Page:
• 19. Judicial Sources: The Courts <ul><li>Trial Level Courts: 3 trial level courts </li></ul><ul><ul><li>US District Court </li></ul></ul><ul><ul><ul><li>hears all types of cases </li></ul></ul></ul><ul><ul><ul><li>most common federal court </li></ul></ul></ul><ul><ul><li>US Court of Federal Claims </li></ul></ul><ul><ul><ul><li>hears only monetary cases against the US gov’t </li></ul></ul></ul><ul><ul><li>US Tax Court </li></ul></ul><ul><ul><ul><li>hears only tax cases; judges are tax experts </li></ul></ul></ul><ul><ul><ul><li>long wait for trial; most cases go to District Court </li></ul></ul></ul><ul><li>All courts apply the judicial doctrine of stare decisis , (follow own and higher court rulings) </li></ul><ul><li>The Tax Court applies the Golsen rule. </li></ul>2-
    • 20. Administrative Sources: The US Treasury <ul><li>Regulations : Treasury departments official interpretation of the Internal Revenue Code </li></ul><ul><li>3 Different Forms: </li></ul><ul><ul><li>Final </li></ul></ul><ul><ul><li>Temporary (3 year life, then revoked unless extended) </li></ul></ul><ul><ul><li>Proposed (“trial run” to get public comments; less weight) </li></ul></ul><ul><li>3 Different Purposes: </li></ul><ul><ul><li>Interpretive (interpret the Code rules) </li></ul></ul><ul><ul><li>Procedural (interpret the administration of the Code) </li></ul></ul><ul><ul><li>Legislative (Congress asks Treasury Dept to draft law)(rare, but carries more weight than other regs) </li></ul></ul>2-
    • 21. Administrative Sources: The US Treasury <ul><li>Revenue Rulings </li></ul><ul><ul><li>less authoritative weight than Regulations </li></ul></ul><ul><ul><li>more detailed interpretation than Regulations (e.g., application to a specific factual situation) </li></ul></ul><ul><li>Revenue Procedures </li></ul><ul><ul><li>Explain in great detail IRS practice and procedures in administering tax law </li></ul></ul><ul><li>Letter Rulings </li></ul><ul><ul><li>less authoritative weight than Revenue Rulings </li></ul></ul><ul><ul><li>more specific than Revenue Rulings and regulations (e.g., applied to a specific taxpayer) </li></ul></ul>2-
    • 22. Tax Research <ul><li>Step 1: Understand the facts (open/closed) </li></ul><ul><li>Step 2: Identify issues </li></ul><ul><li>Step 3: Locate relevant authorities </li></ul><ul><li>Step 4: Analyze tax authorities </li></ul><ul><li>Step 5: Communicate the results </li></ul>2-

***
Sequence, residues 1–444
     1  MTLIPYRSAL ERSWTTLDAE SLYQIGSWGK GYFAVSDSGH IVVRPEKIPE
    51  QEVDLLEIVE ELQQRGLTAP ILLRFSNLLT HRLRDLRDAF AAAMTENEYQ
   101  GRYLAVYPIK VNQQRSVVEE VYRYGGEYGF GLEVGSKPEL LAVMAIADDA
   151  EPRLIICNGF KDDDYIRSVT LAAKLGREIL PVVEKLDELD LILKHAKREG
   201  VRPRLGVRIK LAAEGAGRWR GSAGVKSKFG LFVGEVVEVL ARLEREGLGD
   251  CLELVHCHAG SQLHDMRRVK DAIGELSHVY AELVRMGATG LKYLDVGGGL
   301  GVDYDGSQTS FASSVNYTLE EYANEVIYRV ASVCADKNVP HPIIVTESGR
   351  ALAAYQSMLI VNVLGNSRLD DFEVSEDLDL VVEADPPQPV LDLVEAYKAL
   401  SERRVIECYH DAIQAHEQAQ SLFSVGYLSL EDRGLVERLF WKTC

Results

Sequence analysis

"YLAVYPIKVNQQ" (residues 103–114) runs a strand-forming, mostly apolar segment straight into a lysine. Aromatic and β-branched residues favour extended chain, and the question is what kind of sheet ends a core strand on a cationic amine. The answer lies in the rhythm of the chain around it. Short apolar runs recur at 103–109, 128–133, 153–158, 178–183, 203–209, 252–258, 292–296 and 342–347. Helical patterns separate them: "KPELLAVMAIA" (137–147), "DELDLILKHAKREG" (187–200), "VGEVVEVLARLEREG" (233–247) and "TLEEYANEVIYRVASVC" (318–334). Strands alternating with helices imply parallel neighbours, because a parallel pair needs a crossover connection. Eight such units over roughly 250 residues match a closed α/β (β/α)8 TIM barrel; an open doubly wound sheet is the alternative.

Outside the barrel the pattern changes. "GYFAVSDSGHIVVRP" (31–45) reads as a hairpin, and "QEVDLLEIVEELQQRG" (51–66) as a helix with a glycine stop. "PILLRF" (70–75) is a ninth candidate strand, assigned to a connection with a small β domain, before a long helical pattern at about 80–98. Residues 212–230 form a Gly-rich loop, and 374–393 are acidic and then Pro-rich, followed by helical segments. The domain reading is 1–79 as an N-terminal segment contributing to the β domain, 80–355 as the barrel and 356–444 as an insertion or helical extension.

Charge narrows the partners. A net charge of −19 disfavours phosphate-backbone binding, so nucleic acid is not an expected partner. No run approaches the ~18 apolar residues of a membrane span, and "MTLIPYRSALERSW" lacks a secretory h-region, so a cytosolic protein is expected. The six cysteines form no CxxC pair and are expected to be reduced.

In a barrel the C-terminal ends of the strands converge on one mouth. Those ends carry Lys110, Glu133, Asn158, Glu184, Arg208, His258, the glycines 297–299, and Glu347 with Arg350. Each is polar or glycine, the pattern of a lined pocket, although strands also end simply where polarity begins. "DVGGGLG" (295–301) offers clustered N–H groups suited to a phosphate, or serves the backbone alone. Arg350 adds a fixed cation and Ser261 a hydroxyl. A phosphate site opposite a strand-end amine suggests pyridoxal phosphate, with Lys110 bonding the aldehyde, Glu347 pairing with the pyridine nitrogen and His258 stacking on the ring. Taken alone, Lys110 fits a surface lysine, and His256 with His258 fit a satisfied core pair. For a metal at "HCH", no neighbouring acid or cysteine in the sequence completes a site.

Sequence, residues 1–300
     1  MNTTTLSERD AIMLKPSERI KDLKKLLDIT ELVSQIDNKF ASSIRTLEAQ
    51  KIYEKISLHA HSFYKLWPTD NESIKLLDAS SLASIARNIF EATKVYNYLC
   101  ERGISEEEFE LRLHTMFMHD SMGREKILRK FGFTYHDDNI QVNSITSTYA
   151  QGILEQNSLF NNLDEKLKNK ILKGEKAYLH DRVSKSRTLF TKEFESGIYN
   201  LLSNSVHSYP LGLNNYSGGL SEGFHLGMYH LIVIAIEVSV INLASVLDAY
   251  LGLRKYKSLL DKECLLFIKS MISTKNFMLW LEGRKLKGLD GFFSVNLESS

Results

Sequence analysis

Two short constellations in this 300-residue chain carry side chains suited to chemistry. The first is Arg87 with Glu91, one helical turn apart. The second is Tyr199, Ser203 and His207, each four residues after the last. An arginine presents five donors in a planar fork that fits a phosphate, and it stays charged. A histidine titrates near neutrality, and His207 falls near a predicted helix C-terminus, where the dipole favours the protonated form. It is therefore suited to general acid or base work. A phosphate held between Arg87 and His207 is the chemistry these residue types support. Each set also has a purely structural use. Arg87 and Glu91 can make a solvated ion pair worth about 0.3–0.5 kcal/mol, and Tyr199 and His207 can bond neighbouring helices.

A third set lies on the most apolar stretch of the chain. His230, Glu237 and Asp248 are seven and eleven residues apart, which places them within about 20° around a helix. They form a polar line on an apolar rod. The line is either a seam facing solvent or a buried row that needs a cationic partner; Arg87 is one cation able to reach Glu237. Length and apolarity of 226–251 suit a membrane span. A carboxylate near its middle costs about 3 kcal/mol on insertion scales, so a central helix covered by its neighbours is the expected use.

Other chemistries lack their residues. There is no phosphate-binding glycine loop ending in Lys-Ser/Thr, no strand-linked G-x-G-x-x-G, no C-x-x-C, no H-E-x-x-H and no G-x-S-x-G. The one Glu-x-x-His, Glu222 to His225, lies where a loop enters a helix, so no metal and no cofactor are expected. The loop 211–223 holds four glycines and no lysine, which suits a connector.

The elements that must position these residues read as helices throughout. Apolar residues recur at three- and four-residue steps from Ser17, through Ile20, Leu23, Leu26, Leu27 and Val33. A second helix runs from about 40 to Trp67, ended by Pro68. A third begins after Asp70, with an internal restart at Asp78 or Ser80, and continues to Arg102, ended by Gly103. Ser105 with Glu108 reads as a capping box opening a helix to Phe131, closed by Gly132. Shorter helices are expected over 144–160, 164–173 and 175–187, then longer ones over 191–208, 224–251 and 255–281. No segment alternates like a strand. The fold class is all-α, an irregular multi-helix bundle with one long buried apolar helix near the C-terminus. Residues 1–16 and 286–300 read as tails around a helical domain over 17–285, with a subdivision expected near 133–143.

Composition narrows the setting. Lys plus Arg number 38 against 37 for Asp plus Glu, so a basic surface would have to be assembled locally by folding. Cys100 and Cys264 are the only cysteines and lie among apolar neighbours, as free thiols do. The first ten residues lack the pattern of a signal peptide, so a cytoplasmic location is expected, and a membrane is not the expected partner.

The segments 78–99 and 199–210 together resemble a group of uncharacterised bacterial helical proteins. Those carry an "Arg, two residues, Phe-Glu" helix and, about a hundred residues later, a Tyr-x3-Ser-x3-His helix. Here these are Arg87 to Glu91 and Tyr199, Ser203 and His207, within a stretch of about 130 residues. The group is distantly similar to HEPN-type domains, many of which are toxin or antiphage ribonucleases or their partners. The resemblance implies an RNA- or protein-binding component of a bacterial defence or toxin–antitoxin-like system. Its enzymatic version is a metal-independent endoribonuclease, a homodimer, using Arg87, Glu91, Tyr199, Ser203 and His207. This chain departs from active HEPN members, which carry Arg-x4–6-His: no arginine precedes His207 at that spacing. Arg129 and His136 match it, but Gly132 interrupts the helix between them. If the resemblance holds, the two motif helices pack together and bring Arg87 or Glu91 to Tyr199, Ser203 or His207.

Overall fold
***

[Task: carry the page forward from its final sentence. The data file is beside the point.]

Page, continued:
• 23. Tax Memo Layout <ul><li>Facts: XXXXXX </li></ul><ul><li>Issues: XXXXXX </li></ul><ul><li>Authorities: XXXXXX </li></ul><ul><li>Conclusion: XXXXXX </li></ul><ul><li>Analysis: XXXXXX </li></ul>2-
    • 24. Tax Professional Responsibilities <ul><li>Tax professionals are subject to various statutes, rules and codes of conduct: </li></ul><ul><ul><li>AICPA Code of Professional Conduct </li></ul></ul><ul><ul><li>AICPA Statement on Standards for Tax Services </li></ul></ul><ul><ul><li>IRS’ Circular 230 </li></ul></ul><ul><ul><li>State Board of Accountancy Statutes </li></ul></ul><ul><li>Failure to comply with statutes can result in being admonished, suspended, or barred from practicing </li></ul>2-
    • 25. Taxpayer and Tax Practitioner Penalties <ul><li>Civil Penalties : most common type of penalties </li></ul><ul><ul><li>Generally in monetary penalties </li></ul></ul><ul><ul><li>Imposed when tax practitioners or taxpayers violate tax statutes without reasonable cause </li></ul></ul><ul><li>Criminal Penalties : much less common than civil penalties </li></ul><ul><ul><li>Penalties are much higher and can include prison sentences </li></ul></ul>2-
    • 26. Taxpayer and Tax Practitioner Penalties <ul><li>A taxpayer and tax practitioner will not be subject to an underpayment penalty if: </li></ul><ul><ul><li>there is substantial authority that supports the tax return position or </li></ul></ul><ul><ul><li>if there is a reasonable basis for the position and it is disclosed on the taxpayer’s tax return </li></ul></ul>2-
    • 27. To Do… <ul><li>In-Class Problems: 3,6,10,19,22,24,27,44,47,48,53,55 </li></ul><ul><li>Class Activity: </li></ul><ul><ul><li>9/14: LO5 – Understand Tax Research/Memos </li></ul></ul><ul><ul><li>9/21:Research Memo (Lab) </li></ul></ul><ul><ul><ul><li>Assignment, Rubric, Writing Center </li></ul></ul></ul><ul><li>Homework (due Saturday @ 11:59pm): </li></ul><ul><ul><li>2,7,13,26,39,54 </li></ul></ul><ul><li>Test 1 (due Saturday @ 11:59pm) </li></ul><ul><li>Chapter 8 Pre-Class Questions </li></ul><ul><ul><li>3,6,9,14,19,24,27 </li></ul></ul>